It’s much easier to sit in grief, to be sad day in and day out. It’s easy to take things day by day because my dreams have been shattered. I desperately want something to look forward to. Until now, the thought of vacation makes me sick. Vacation is for family and mine isn’t whole. I’m realizing that those thoughts will only keep us where we are at. There will always be a missing piece to our family, but this is our family now. I don’t have another choice.
It’s hard to fully wrap my head around that. I feel like we have been living pretty well for the last six months. The boys have laughed and played. We have endured. But, normal people have dreams, futures they look ahead to. We have to start building that. We have to make a choice.
I dreaded the six month marker of Fareeds passing. I should have been celebrating his birthday, not mourning his loss. The day was brutal and I kept myself busy planning the balloon release so I wouldn’t have to face my emotions. That night people started coming over. At first, I was being my typical self- do this, help yourself to that. Halfway through the night I noticed something, I was sitting in the living room with a messy kitchen and not a care in the world. I was present and enjoying myself. This is strange for me because true joy has been rare and before Fareeds passing I was guilty of not being present with the people around me. His death taught me that these moments are all we get, we have to live them. Once I noticed how happy I was surrounded by these people, I started to soak it all in. The children laughing, the friends telling stories, our dog running around with balloons tied to his collar. I made a choice to enjoy that night. Did I feel guilty? A little. I felt like I should only be in tears on such an emotional night.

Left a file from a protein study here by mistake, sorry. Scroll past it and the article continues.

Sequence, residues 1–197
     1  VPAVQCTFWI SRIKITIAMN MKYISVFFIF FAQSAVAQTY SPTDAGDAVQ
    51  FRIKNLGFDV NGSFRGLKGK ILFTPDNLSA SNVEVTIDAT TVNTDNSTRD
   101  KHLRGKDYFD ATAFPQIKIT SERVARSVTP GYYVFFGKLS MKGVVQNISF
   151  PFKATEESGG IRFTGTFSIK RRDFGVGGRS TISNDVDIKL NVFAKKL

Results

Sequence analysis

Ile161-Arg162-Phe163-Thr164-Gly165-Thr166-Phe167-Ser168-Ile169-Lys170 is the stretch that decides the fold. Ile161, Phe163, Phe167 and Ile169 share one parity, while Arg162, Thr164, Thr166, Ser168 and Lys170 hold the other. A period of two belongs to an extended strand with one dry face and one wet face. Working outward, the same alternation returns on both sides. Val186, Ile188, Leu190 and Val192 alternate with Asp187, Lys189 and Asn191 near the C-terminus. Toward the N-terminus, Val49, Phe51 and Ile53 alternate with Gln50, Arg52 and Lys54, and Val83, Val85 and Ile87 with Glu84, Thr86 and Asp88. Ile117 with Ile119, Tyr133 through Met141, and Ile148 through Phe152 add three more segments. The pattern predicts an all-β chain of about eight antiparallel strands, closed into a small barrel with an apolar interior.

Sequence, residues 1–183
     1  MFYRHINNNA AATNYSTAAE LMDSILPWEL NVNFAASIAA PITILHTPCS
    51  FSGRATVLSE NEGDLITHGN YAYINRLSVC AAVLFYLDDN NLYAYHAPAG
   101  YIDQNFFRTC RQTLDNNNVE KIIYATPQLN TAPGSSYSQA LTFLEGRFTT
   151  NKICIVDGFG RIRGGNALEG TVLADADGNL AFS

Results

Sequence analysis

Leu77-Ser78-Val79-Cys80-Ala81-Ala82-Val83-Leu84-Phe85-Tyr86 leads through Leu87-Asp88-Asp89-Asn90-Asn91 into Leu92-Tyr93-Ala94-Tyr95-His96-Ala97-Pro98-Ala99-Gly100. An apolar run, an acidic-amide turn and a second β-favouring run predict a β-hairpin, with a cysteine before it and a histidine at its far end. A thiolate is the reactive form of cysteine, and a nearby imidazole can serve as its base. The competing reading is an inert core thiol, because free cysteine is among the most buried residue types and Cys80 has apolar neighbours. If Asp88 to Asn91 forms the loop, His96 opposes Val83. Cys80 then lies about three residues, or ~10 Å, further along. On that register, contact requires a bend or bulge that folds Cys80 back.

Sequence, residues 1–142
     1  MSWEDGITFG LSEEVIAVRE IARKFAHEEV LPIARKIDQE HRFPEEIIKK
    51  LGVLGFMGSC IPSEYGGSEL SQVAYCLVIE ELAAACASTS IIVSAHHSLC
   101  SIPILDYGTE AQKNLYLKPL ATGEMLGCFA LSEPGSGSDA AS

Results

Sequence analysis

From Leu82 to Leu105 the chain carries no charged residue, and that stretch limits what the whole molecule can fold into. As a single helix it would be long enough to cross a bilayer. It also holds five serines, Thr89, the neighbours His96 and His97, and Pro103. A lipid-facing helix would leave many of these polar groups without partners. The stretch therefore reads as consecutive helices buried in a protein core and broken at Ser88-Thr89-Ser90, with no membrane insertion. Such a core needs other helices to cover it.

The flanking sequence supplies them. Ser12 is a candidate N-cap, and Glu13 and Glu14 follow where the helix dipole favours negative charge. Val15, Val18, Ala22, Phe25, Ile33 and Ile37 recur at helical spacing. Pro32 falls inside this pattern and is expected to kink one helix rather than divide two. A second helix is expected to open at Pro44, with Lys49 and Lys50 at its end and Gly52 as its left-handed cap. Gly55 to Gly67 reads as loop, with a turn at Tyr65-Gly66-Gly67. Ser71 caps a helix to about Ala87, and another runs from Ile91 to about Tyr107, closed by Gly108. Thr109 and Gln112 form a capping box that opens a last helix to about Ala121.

Grief makes us think irrational things. The ones who love us, want us happy again. Our lost loved one would be proud we were finally smiling. That guilt comes from our longing for a life we once knew. But, we don’t have that choice.
As hard as it might be, I want to start making those choices. My heart breaks even writing this. I’m trying so hard to cling to a chapter of my life that was closed so unfairly six months ago. But, I want to dream. I want to be the girl doing funny dance moves. (Fareed fell in love with those) I want to radiate with hope, not just strength. What’s the point of enduring if we don’t truly embrace what’s ahead?
Man this is scary, it’s unknown and unwanted territory. I want that book of dreams, goals, and plans I wrote with Fareed. But- I don’t have that choice. He’s not here.
So here’s to making other choices.
Here’s to embracing life right where we are at and realizing this is life. It might not be what we imagined, but this is it.

Photo courtesy of: Petal and Vine Photography

One comment

  1. Lisa Gorman Evans says:

    Shelly… you inspire me when I feel lonely or unsure of my own future. You radiate with truth, honesty, faith, wonderful motherhood, sweet friendships. I just love who you are and who you are becoming!